By Nick Goldstein, vice president of regulatory affairs & assistant general counsel, ARTBA
A federal court blocked the implementation of the U.S. Department of Labor’s (DOL) “Fair Play and Safe Workplaces” executive order on Oct. 24, a day before it was scheduled to take effect. Now, what industry critics call the “blacklisting rule” will be kept on hold while litigation challenging the regulation remains under review.
Under the rule, contractors bidding on solicitations of $50 million or more would be required to disclose their violations of 14 different federal workplace health and safety laws. The final rule, which would be phased in, ultimately will require disclosure of labor violations on solicitations of $500,000 or more, will require subcontractors to disclose their labor violations, and will expand the reporting requirement to state law equivalents of the federal labor laws. Additional reports will have to be made every six months after a contract is awarded.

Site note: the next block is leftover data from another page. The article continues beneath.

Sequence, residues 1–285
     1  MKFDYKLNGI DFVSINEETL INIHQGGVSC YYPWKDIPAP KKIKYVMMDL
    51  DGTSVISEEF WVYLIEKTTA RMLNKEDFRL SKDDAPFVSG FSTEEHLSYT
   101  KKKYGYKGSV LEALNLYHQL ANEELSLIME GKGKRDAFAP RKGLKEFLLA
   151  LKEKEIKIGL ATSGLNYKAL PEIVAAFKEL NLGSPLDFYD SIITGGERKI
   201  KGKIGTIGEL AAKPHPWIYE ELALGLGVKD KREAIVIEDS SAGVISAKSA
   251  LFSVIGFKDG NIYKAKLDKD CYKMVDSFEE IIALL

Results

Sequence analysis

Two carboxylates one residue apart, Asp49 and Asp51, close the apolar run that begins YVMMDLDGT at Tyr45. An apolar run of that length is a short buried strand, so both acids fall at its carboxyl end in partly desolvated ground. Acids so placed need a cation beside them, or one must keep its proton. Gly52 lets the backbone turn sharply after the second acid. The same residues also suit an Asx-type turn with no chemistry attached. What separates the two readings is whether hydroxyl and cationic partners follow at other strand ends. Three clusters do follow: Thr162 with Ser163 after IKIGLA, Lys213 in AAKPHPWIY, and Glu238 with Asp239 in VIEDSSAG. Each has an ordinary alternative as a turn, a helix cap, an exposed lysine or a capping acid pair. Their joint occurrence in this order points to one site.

The DOL contends the rule will ensure federal contractors comply with all necessary regulatory requirements. Concerned employers counter that the rule will “blacklist” them from federal awards for violations or claims, which they do not have the ability to properly track.
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